It seems that some institutions decide they have done enough for their students once all the work is in and moderation has begun. Perhaps if institutions were further actively involved in the post degree process they would better understand the difficulty many graduates have after leaving the institutional security and how the only way forward for many is to trail through Google and apply to as many design studios desperately asking for a placement or internship – I will refer you to Jonathan’s insightful article “Interns – Something needs to be done” and Internocracy.org regarding this other matter.

    By being a part of this process, institutions would be able to understand some of the other obstacles, which will hinder their future graduates and will be able to filter this down to them, allowing them more time to prepare for this train wreck of a situation.

    Undeniably you are correct, Tom, in saying that it is also the participants who have as much responsibility of making such events work. Without their contributions they would cease to have a reason to exist. However, I believe the organisers of events, where students and graduates are involved, have a duty to ensure they are not exploitative simply because of the ‘possible’ platform it ‘may’ offer to ‘some’ students.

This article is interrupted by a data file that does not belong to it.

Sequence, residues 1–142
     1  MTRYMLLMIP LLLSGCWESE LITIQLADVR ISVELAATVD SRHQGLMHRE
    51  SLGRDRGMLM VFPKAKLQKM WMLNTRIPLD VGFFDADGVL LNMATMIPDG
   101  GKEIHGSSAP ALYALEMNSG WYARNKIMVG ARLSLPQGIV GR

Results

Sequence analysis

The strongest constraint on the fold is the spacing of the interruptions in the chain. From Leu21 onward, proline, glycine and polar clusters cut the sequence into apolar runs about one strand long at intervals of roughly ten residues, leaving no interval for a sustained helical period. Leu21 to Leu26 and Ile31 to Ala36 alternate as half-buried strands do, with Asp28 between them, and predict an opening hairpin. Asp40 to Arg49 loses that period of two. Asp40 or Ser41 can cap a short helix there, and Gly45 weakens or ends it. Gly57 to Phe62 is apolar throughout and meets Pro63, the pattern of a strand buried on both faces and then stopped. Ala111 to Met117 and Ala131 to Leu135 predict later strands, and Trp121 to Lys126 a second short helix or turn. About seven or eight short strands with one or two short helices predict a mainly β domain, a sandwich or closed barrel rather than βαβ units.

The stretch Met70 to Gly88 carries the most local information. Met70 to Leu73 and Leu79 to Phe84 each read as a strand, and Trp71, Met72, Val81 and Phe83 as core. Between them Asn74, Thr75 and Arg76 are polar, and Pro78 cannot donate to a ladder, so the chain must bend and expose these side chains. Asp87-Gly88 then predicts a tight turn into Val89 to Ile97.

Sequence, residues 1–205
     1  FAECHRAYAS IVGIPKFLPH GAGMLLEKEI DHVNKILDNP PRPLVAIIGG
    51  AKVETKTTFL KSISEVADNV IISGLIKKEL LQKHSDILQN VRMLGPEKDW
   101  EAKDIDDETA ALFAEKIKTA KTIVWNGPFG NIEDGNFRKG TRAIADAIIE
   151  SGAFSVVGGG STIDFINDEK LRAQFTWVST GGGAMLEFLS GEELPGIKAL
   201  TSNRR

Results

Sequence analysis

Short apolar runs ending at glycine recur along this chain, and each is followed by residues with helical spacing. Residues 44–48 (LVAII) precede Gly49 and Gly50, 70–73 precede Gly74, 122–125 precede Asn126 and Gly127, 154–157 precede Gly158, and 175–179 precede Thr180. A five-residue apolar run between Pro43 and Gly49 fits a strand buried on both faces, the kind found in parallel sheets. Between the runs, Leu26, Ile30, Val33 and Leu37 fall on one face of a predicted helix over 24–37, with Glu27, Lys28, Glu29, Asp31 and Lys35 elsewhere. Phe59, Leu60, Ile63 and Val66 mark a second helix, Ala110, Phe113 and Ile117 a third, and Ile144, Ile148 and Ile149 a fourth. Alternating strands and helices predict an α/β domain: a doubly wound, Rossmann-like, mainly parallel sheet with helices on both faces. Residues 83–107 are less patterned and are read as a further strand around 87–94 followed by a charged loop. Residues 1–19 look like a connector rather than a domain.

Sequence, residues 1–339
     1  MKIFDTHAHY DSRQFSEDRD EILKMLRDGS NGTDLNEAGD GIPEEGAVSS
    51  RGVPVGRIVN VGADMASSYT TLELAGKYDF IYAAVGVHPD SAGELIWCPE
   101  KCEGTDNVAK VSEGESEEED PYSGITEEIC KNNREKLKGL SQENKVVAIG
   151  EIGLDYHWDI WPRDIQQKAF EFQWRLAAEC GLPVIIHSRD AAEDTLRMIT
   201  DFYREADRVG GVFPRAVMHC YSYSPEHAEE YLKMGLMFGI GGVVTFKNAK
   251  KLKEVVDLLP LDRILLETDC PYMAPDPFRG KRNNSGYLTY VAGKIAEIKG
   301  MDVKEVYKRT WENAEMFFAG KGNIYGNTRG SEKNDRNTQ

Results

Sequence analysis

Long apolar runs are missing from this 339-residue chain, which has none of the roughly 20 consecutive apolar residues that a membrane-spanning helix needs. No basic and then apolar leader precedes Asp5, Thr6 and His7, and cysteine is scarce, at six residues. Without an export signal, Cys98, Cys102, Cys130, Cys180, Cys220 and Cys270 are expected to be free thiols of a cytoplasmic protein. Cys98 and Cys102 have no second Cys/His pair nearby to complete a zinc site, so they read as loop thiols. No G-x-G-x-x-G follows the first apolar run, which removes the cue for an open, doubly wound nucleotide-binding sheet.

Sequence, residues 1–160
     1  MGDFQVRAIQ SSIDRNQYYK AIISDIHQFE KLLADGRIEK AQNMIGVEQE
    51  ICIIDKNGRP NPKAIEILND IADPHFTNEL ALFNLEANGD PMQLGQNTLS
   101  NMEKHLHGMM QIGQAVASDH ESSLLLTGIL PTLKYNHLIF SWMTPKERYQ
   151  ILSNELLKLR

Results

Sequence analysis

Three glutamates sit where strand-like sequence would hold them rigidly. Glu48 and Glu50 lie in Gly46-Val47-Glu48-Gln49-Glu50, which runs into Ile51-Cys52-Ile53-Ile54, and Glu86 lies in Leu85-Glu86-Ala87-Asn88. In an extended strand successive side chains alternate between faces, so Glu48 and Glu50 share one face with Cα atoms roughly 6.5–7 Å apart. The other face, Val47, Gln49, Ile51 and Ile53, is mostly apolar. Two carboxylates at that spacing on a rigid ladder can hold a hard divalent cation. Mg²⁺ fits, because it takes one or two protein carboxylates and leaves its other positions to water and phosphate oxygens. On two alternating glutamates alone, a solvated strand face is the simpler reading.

The purpose of this blog was to add my opinions to the many subjects of discourse that the design profession offers and to encourage others to offer up their opinions. So I am very thankful to you both for offering up your unique insights to this particular discourse.

    Further Reading:

    “Interns – Something needs to be done” –